The power of Social Media: How Twitter fixed my worst Uber ride

If you don’t know it by now, social media is a beast.

It has the potential to make you, like James Wright the viral Patti Pie eating singer:

And the potential to break you, like Belle Gibson who “lost everything” after she went viral for posing as a cancer survivor to get money:

People have lost jobs for tweeting. Justine Sacco, a director of corporate communications at IAC who was fired while she was on an international flight after she tweeted this:

Now that’s some turbulence.

My case isn’t nearly as extreme, but the power of social media was profound in my life today. One tweet from Uber, a national taxi service, turned my frown upside down.

I am a new North Carolina resident, born and raised in Atlanta (s/o ATL!) I have ventured to a new city. My BFF out here is Uber and I have learned how to request a ride with my eyes closed.

Let me tell you something: I ride Uber so much I was standing outside Subway on my lunch break and one of my past Uber drivers drove by me screaming at me out the window, “HEY ELIZABETH!!” Yea the only person who knows me out here is my Uber driver, don’t judge.

Anyway! I was trying to beat the rain this morning so I requested an Uber to *Uber* me to work. I should have known it was going to be an interesting ride after I’d been waiting for almost 10 minutes for her to find me. According to the Uber app she was “2 minutes away” the whole time. I eventually called her and she sent my call to VOICE MAIL. A few minutes later she called me back and pulled up.

Good right? WRONG!

I’m sitting in the car listening to her talk she seemed nice. We traded stories about the weather and how she’s lived here for 22 years. I soon realized this conversation should not be this long…where are we?! I’m still learning the area, but I know my job and the bank we started from are on the same street. I’ve walked the road and the bank is less than a mile from my house, but we somewhere in the boonies!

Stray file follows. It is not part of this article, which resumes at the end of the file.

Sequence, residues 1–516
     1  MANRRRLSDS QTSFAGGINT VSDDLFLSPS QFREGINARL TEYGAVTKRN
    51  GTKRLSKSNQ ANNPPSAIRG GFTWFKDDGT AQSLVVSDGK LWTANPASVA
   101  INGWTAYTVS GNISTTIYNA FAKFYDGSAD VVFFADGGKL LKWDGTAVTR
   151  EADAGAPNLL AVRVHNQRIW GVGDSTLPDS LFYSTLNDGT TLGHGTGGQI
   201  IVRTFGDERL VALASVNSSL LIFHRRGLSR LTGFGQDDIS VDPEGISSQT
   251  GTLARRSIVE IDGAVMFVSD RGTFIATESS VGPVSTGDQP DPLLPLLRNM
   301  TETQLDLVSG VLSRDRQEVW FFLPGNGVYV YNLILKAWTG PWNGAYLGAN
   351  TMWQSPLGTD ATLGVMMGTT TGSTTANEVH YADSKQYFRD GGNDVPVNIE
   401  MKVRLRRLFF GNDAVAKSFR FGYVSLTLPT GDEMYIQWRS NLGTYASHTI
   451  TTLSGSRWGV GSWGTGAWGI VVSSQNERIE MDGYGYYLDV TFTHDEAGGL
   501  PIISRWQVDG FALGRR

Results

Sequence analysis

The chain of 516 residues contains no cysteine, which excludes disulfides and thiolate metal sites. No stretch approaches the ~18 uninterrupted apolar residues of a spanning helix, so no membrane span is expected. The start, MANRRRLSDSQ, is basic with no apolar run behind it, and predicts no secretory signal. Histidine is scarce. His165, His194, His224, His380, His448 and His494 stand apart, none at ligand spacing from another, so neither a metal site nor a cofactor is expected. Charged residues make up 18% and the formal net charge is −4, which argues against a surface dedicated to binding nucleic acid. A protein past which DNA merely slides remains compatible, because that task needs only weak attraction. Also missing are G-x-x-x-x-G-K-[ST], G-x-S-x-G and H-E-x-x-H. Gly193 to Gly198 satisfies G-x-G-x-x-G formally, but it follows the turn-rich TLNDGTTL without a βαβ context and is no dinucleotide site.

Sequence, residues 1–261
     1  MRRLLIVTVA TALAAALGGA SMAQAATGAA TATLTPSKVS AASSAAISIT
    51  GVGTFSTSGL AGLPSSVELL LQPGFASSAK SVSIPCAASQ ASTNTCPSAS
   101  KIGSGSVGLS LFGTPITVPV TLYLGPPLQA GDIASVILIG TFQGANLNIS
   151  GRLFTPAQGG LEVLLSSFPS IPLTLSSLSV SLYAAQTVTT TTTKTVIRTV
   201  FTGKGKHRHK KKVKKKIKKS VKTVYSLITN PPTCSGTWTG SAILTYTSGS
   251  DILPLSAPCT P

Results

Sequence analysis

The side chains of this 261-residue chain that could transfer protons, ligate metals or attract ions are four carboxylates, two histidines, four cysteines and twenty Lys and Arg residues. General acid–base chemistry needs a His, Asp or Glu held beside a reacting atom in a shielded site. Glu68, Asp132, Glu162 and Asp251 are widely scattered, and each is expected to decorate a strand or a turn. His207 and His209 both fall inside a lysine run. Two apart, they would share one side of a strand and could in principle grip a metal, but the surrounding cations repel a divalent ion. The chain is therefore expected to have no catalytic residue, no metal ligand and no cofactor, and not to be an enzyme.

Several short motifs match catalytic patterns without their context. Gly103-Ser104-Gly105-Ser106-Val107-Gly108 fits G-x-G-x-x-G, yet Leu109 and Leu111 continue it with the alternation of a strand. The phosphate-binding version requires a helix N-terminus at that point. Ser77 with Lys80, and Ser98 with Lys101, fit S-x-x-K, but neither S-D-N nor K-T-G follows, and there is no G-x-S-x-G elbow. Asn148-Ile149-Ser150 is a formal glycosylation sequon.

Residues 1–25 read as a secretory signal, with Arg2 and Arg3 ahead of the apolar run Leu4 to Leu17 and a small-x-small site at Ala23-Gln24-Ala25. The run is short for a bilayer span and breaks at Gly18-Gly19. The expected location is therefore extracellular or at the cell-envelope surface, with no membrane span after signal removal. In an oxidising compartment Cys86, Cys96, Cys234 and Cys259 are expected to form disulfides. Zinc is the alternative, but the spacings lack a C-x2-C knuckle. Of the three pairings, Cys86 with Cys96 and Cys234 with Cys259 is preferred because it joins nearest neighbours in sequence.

13 minutes later (and a brief mental panic attack that I was about to be taken to my untimely demise) we arrived at my job and I get my receipt. I immediately took to Twitter:

The route she took made no sense other than she intentionally made the trip longer for profit. That ride cost me $15!!! Fifteen DOLLARS!! What should have been a two mile ride at the most in this small town, turned into 4.44 miles and $15. You gonna do ME like that lady?!

While I’m running around my job showing locals the unbelievable route she took Uber responds on Twitter:

I followed the instructions and a couple hours later (which is understandable considering the wave of complains Uber was responding to on Twitter at the time) a wonderful thing happened:

Look at that Christmas green!

My $15 trip was changed to $6 and I basically got a free ride ($5 was added to my Uber credit).

Thank you Uber and thank you Twitter for the platform! I did not make one phone call, didn’t have to listen to Kenny G on hold, or pick a number and have a seat. Problem solved purely through social media.

I experienced something similar with T-Mobile, their social media CSR told me to send a DM (direct message) which I did, but I never got a response after that. T-Mobile needs to get it ALL the way together, but I’ll save that for another post.


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